05/16/2006, 00.00
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Cultural Revolution shrouded in total silence

by Bernardo Cervellera

The government has decreed a total blackout about the most painful and disastrous era of the history of China's Communist Party. The fear to face history and the risks of repeating it.

Rome (AsiaNews) – Complete silence reigns in China about the 40th anniversary of the Great Proletarian Cultural Revolution that started on 16 May 1966. The government has decreed that the so-called "10 years of great calamities", which marked the lives of 200 million people and the country with death, destruction, lagers, and internal strife within the Communist party, shall not be commemorated in special celebrations or newspaper articles. Academics and scholars have been "persuaded" not to hold private meetings or discussions on the subject, much less to take part in seminars and events abroad focusing on the topic.

The leadership fears such activities or commemorations may reopen "old wounds" caused by one of the darkest periods in the history of the Chinese Communist Party, when Mao Zedong, venerated as a god by the "Red Guards", pitted the youth of the party against its older members. Officially, it was meant to be a campaign against the "feudal and bourgeois culture"; in reality, it was planned to destroy his enemies, gathered around the president Liu Shaoqi. For around 10 years, Maoist revolutionary fervour ranged itself against attempts by moderates to reduce the power of the "Great Helmsman" and to launch modest economic and liberal reforms.

Iconoclastic revolutionary fervour destroyed universities, libraries, and art galleries and dragged lecturers and scientists through dust and humiliation. Figures considered as "bourgeois", "feudal" or "religious obscurantists" were summarily tried, mocked by the people, tortured, killed, thrown into re-education camps. Churches, temples, monasteries, religious books and works of art were destroyed or re-used "for the revolution". Economy, culture, education, morality, and the very cohesion of the nation were brought to the brink of collapse. Scholars estimate that the economic damage wrought by the Cultural Revolution was equal to the total of investments in China between '49 and '78: more than 500 billion yuan. The damage done to people was greater still. Although the government has never published official figures, several Chinese scholars say between 2 and 20 million people were killed in this period. But at least 200 million – out of an overall population of 600 million at the time – were somehow affected by the ideological hurricane.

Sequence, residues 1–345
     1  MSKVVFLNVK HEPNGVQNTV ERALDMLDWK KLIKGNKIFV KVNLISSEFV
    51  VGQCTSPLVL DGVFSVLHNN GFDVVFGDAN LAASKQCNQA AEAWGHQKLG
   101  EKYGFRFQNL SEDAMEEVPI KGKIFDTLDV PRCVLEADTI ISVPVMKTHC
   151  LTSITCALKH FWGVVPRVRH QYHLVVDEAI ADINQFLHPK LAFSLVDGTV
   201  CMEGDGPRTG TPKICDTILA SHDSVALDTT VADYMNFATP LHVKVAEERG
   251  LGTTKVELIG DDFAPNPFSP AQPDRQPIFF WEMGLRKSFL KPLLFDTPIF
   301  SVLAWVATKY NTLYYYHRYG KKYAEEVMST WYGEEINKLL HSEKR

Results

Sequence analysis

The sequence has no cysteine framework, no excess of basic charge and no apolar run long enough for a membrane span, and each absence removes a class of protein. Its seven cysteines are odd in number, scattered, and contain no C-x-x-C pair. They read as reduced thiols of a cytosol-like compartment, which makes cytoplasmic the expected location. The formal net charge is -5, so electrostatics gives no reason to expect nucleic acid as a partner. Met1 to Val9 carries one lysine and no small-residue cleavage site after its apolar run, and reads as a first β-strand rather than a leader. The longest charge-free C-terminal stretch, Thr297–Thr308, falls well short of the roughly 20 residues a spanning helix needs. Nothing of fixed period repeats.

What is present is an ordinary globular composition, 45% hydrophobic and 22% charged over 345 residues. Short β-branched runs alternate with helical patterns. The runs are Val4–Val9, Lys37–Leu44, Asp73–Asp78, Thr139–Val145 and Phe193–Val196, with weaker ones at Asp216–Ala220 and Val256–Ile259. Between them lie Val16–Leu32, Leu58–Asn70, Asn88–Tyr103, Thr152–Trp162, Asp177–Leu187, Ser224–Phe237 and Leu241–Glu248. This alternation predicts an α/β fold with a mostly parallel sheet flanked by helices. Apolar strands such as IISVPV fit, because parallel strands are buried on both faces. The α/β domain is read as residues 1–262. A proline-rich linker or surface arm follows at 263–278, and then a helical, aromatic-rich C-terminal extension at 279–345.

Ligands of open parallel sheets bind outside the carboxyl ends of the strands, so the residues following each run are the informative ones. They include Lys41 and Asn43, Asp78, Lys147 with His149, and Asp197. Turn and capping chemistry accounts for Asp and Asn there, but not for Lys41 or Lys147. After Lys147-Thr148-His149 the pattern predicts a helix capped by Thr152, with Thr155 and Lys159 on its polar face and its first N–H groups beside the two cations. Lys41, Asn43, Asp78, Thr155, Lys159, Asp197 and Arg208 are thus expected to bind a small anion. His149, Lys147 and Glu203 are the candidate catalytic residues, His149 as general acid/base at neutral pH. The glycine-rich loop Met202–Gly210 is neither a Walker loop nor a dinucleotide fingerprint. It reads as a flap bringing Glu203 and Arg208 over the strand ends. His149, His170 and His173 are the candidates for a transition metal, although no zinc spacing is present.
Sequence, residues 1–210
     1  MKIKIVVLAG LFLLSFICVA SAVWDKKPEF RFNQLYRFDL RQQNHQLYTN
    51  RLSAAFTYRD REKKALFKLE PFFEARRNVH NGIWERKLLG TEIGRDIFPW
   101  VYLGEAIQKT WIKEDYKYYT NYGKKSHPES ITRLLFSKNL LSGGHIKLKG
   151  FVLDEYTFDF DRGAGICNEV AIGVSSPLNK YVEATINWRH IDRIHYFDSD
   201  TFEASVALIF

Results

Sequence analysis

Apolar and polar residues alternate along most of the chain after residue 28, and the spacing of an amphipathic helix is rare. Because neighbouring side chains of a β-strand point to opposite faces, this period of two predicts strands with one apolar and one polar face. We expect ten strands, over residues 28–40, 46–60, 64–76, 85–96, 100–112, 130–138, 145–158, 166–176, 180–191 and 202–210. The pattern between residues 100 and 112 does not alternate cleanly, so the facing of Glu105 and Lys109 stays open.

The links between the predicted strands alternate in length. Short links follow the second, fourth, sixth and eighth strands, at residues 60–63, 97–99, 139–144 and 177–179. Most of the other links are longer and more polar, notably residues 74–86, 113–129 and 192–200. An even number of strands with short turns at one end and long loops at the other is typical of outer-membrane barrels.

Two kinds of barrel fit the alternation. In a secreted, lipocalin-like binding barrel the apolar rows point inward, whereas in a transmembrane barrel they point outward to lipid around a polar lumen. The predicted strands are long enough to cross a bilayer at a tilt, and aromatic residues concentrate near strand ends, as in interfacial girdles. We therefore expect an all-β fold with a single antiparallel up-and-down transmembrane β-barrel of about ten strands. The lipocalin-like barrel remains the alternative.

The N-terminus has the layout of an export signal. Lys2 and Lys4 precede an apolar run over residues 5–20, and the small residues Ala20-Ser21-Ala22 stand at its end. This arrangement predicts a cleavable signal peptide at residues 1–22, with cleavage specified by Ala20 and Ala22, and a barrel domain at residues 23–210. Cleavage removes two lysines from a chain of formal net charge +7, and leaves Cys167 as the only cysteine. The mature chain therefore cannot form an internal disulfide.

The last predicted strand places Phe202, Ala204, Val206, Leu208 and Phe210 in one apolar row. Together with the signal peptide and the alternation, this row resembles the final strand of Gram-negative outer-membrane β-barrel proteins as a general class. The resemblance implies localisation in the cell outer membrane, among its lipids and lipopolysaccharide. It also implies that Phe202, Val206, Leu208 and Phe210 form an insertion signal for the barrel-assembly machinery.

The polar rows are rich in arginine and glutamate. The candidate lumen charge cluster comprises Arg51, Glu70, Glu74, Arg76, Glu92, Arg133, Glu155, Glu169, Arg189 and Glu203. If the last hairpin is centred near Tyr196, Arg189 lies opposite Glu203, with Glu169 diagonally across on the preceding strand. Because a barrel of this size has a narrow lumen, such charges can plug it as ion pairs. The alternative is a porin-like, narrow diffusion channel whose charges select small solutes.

Current economic development and the opening-up to the outside world owe much to the Cultural Revolution: they were born of a bid to cancel out the consequences of the Great Calamities and to turn this page of China's history. In 1981, at the beginning of the economic opening-up, the party managed to blame what happened on the Gang of Four (the wife of Mao, Jiang Qing, and another three extremists) and on the "grave errors" of Mao. But although for many in China, the name of Mao is synonymous with "monster", his enormous photo is still camped in Tiananmen Square.

The point is that on the one hand, the PCC protests its innocence as regards the Cultural Revolution, but on the other, it does not dare – as several Chinese scholars have suggested it should – to cancel the face of Mao from banknotes, to take down his photo in the square and to transfer the mausoleum preserving the embalmed body of the Great Helmsman.

By refusing to allow anyone to publish studies about the Cultural Revolution, the government is conniving with the mythologizing of Mao, whose cult has spread among young and old. In fact, many party members idealize the Maoist period as egalitarian and full of justice, criticizing the current situation characterized by strong economic development, but also by deep-set corruption and abysmal gaps between rich and poor.

The current leadership fears that recalling the Cultural Revolution may empower extremist groups (neo-Maoists?) of the party that criticize ongoing economic reforms. From here emerges the decision to hush up any research about the party history. To be sure of maintaining political stability, some months ago, Hu Jintao ordered stronger ideological control of media and universities, arresting journalists and scholars critical of the government policy. But without studying history, Hu is condemning himself to repeat it.

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